- RBNZ stays on hold as expected, but it offers a bit more dovish stuff
- BoC’s Poloz brushes off the soft macroeconomic data, July’s rate hike odds stay largely intact
- Wall Street ends the day lower, US bond yields stay lower mirroring restrained appetite for riskier assets
Beginning with the currency market one can identify the NZ dollar as the weakest major currency in the morning while elsewhere results are equivocal. NZD’s underperformance stems from the fact that the Reserve Bank of New Zealand delivered somewhat more dovish remarks when it left rates untouched in line with expectations. On the surface, not too much has changed since the latest meeting in May (notice we were offered no press conference, updates to macroeconomic forecasts or a monetary policy statement) as the bank kept the reference that a change in rates might be either up or down. However, the bank added that “the best contribution we can make to maximising sustainable employment, and maintaining low and stable inflation, is to ensure the OCR is at an expansionary level for a considerable period” – this phrase persuaded some NZ-based banks to change their view with regard to the future monetary policy seeing a greater degree of ’dovishness’.
The bank also said that in the wake of trade tensions in some major economies the economic outlook has been tempered slightly. Finally, it admitted that inflation could accelerate in the near-term due to higher energy prices (notice that these kind of projections have been included in almost each monetary statement irrespective of what a central bank we mean). After the meeting even the most devoted hawks flew away as chances to see higher rates yet moved lower, and therefore markets see little odds for a rate hike over the upcoming twelve months. In the morning the NZ dollar is losing 0.25% against the US dollar as of 6:33 am BST being, along with the British pound, the weakest major currency.
Commodity-related currencies drew more attention over the past several hours, and we do not mean just the NZD. The CAD was also in the limelight yesterday afternoon on the back of the Bank of Canada’s Poloz appearance. His comments were classified rather as the hawkish ones, and this is especially true when we allow for the latest remarkably poor economic data including retail sales, inflation as well as GDP. In fact, he admitted that inflation is exactly on the target whereas national accounts are exactly as they forecast in April to the decimal point therefore he reiterated that the bank’s underlying narrative appears to be correct. Finally he openly claimed that a current situation warrants higher rates, and it will be done gradually. At the end of the day, Poloz brushed off the latest streak of weak prints saying that one data point that was below market expectations is not going to throw us off, and played down to some extent trade war risks claiming the investment outlook is still ’reasonably robust’ even as it has been hurt a bit lately. The next BoC meeting will take place on 11 July.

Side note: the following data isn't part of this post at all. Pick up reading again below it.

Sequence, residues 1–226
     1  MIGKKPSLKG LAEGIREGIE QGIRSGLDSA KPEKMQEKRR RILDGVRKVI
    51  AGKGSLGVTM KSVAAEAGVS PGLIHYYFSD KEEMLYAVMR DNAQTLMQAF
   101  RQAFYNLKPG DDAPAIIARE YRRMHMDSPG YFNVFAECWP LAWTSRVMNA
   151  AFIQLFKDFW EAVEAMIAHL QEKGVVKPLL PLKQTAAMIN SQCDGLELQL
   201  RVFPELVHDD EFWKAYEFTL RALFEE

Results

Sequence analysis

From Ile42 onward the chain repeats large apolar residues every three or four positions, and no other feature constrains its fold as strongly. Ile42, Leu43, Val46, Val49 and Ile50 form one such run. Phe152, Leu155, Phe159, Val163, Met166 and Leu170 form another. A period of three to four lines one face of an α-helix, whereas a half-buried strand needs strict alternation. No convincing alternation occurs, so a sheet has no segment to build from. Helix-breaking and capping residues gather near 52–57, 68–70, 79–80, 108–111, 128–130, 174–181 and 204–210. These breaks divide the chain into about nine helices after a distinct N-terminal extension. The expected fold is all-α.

A technical outlook look ambiguously as the pair has possibly drawn a double peak pattern at the daily frame on the one hand, but on the flip side it broke and then successfully tested a trend line therefore caution seems to be warranted. For all considering selling the pair it seems that waiting for a durable move below the blue line could be a good strategy before involving in the market. Source: xStation5
Entering slowly the European session one may spot that risk-off still prevails at least to some extent as the US yields hover close to their yesterday’s lows (the 10Y yield keeps moving a notch above 2.83% at the time of writing). Soured moods resulted in quite heavy falls on Wall Street where the NASDAQ (US100) closed 1.55% lower, the SP500 (US500) lost 0.9% whilst the Dow Jones (US30) gave back 0.7%. Gloomy spirits were shared among some Asia-based investors bringing two Chinese indices moderately lower (ca. 0.4%). On the other hand, the SP500 futures are trading 0.3% higher implying a positive start when the cash market opens.